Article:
Five ways to sabotage your business

PM_Friedman_Sabotage

Nancy Friedman advises how to avoid some common practice mistakes

Believe it or not, there are many, many ways to sabotage your business. And, chances are your staff is doing some of these now, without you even knowing it. And worse yet, you’ve probably even heard some of these yourself. But that’s the bad news.

The good news is that I can explain to you the top five self-sabotaging pitfalls and then show you how to neutralize the effects.

So get ready. You and your staff are about to be in a much better position to handle the five top ways to sabotage your business today.

“It’s not our policy”
This, unfortunately, is used more as an excuse than anything else. It’s generally a sure thing that the employee has not been shown how to explain a policy to someone. This phrase is used, then, more as something to say when the team member doesn’t know what to say. Patients call that “an excuse.”

When the customer hears “it’s not our policy,” he/she immediately responds (usually silently) with: “Who cares?”

What every implant practice needs to understand is that no one but the dentists and staff care about your policies. Do you really think your patients ask themselves as they enter or call your practice: “I wonder what their policy is on this issue?”

All this being said, there are companies who do have policies that make it more difficult to work with them than with others.

So here’s a suggestion: decide on your policy, then work as a team with your staff to find a positive way to explain it to the customer. Otherwise, you may soon find it becoming the patient’s policy not to come to the practice anymore.

“It’s not my job”
Well, then whose job is it? Let’s remember one of my mottos: tell the patient what you do, not what you don’t do.

If someone mistakenly asks someone in the practice about something he/she doesn’t handle, the following is far more effective: “I work on the nursing side. Let me get you to someone who can schedule your next appointment.”

This is far more effective than telling someone it’s not your job.

“My computer’s down”
Yeah, yeah, yeah. We’ve all heard this one.

It hurts, because there are still many patients who remember the days before the computer. My goodness, how did we ever survive? Yes, it’s easier to have the computer, but believe it or not, millions of businesses were launched and operated on 3×5 cards or some other type of manual database before computers ever hit the scene. When the practice management system crashes, this sounds so much better coming from your front of house team: “I’ll be delighted to help you. It may take a little longer as I’ll need to do things by hand – our computers are currently down.”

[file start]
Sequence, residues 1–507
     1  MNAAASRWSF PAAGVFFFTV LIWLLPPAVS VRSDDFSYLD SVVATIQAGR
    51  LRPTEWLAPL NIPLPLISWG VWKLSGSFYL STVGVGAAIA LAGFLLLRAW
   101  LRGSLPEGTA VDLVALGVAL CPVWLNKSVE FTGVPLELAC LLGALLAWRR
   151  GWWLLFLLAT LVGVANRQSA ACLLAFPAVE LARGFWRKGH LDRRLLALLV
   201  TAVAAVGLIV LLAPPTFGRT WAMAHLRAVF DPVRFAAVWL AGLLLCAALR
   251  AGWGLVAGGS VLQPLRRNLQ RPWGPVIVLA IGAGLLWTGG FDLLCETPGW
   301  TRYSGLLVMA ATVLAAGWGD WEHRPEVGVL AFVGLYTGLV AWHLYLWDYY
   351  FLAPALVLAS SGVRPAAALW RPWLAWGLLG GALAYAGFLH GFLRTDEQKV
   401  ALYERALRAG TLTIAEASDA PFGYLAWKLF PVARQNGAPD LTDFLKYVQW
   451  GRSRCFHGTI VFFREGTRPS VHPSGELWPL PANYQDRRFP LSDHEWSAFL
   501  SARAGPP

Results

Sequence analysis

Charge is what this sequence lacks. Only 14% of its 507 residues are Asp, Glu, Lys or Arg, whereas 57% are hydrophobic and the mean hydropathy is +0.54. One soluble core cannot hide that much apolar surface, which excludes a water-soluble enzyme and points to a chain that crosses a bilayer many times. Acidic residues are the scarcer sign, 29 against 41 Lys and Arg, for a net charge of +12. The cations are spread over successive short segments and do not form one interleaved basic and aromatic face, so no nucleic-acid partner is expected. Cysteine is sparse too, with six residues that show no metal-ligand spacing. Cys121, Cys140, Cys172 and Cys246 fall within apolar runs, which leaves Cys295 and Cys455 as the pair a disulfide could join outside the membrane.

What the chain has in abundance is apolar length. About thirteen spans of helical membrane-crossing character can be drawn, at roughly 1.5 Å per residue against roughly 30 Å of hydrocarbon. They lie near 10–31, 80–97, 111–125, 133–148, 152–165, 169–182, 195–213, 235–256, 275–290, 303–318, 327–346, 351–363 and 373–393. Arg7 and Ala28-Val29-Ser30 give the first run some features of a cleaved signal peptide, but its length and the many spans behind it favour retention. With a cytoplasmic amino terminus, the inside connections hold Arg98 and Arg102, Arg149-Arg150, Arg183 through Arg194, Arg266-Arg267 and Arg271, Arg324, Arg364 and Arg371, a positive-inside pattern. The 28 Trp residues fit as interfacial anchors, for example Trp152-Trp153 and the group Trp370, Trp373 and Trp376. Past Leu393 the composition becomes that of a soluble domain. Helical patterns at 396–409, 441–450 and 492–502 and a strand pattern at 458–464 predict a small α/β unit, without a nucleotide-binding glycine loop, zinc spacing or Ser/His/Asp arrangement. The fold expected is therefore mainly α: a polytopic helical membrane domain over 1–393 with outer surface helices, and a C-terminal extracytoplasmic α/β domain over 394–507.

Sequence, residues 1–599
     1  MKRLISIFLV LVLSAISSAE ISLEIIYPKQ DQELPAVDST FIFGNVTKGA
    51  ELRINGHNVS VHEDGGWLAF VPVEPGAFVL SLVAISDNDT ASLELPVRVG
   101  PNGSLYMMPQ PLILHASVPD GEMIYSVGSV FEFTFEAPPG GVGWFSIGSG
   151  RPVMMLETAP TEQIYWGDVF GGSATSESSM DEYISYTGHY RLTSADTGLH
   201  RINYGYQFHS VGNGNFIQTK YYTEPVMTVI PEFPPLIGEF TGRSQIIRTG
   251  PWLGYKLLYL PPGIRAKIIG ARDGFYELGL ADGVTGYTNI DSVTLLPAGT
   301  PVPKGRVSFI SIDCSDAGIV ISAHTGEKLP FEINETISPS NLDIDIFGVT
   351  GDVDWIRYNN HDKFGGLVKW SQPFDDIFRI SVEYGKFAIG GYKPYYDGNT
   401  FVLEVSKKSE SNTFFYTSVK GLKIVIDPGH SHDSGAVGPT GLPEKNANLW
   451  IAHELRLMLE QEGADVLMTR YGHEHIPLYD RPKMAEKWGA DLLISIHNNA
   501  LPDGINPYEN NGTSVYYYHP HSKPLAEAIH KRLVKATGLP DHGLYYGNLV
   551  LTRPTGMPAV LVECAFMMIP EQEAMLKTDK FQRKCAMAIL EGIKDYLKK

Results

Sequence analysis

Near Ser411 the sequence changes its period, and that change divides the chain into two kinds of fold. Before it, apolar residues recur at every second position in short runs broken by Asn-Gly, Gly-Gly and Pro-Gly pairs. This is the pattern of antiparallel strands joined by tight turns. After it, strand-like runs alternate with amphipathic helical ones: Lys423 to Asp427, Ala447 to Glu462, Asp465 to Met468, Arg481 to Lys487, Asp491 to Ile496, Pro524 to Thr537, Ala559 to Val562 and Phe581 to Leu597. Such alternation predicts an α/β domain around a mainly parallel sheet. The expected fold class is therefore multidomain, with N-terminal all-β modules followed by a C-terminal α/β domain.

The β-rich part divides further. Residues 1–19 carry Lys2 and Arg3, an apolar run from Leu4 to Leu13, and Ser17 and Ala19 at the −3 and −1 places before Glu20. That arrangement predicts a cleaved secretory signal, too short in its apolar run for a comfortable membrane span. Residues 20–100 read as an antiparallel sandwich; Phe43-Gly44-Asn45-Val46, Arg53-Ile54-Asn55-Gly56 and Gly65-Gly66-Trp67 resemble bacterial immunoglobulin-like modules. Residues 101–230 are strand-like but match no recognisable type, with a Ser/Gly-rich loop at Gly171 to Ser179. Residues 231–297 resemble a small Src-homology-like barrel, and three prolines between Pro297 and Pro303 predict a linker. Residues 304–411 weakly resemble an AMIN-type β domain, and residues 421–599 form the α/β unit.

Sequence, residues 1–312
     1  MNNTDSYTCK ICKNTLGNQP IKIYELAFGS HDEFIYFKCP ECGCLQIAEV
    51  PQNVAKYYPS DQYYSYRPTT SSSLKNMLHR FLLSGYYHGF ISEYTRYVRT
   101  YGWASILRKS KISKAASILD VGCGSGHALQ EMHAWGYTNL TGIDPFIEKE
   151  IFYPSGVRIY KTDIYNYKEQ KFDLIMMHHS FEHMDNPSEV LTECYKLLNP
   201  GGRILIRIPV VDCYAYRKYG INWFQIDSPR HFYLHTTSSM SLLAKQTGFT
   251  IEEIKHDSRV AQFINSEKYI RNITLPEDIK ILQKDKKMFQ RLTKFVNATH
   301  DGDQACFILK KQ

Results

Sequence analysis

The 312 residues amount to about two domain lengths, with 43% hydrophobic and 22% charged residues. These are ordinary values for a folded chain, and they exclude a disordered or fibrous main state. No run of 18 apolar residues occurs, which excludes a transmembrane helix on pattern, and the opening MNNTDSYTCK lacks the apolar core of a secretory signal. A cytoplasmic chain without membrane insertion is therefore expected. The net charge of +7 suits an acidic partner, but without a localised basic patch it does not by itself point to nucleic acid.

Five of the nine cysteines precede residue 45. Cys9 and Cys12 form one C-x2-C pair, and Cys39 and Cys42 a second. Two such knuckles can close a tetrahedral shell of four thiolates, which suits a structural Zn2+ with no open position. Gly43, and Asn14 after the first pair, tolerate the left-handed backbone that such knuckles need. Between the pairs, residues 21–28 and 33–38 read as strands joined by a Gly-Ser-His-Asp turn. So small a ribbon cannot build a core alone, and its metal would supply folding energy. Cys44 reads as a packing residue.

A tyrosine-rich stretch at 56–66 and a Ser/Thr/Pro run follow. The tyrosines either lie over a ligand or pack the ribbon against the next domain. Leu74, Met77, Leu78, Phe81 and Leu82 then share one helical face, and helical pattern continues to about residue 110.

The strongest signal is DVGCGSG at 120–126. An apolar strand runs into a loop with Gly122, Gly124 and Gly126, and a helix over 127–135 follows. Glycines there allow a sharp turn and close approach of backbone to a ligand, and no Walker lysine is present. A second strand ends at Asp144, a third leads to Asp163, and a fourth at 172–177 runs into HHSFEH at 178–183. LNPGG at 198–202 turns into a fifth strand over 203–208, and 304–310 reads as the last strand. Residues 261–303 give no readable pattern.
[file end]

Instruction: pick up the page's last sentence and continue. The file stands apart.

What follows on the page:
This way you’ve still explained what happened, and they’ll have a little more compassion as you’ve offered assistance – and didn’t simply blame the computer for your inability to help.

“I wasn’t here that day”
This one personally really makes me laugh. When I have a problem, I don’t remember asking employees if they were there that day. Do you really think patients care if you (or your staff) weren’t there when their problem happened? Honestly, they don’t, so that’s not even an issue to discuss. Just hit the problem head on; apologize without telling them where you were (or weren’t). Remember, you and your staff are representing the practice – regardless of whether you were at work or on holiday when the issue occurred.

“I’m new here”
So, you’re new. Now what? Does being new allow your team to be anything but helpful to the patient?

When patients hear this sabotaging statement, do you really think they think: “Oh, you’re new? So that’s why I’m getting bad service? Well, then that’s okay. You’re new – no problem.” Even if your staff members are new, patients honestly believe they should know everything about their job. Here’s what I suggest for this one. Instead of “I’m new,” say to the patient: “Please bear with me, I’ve only been here a few weeks.” That will buy you time. For whatever reason, hearing the short length of time staff has been with the practice means more to the patient than simply, “I’m new.” Again, it’s more of an excuse. Remember to state the length of time – it enhances your credibility. “I’m new” does the exact opposite.

Good luck!

Nancy Friedman is a featured speaker at association and corporate meetings around the world. She has appeared on Oprah, The Today Show, CNN, Good Morning America, CBS This Morning and Fox News. Her articles have been published in the Wall Street Journal and USA Today, as well as hundreds of other print outlets. She is also the author of several books.  For more information, visit www.telephonedoctor.com.

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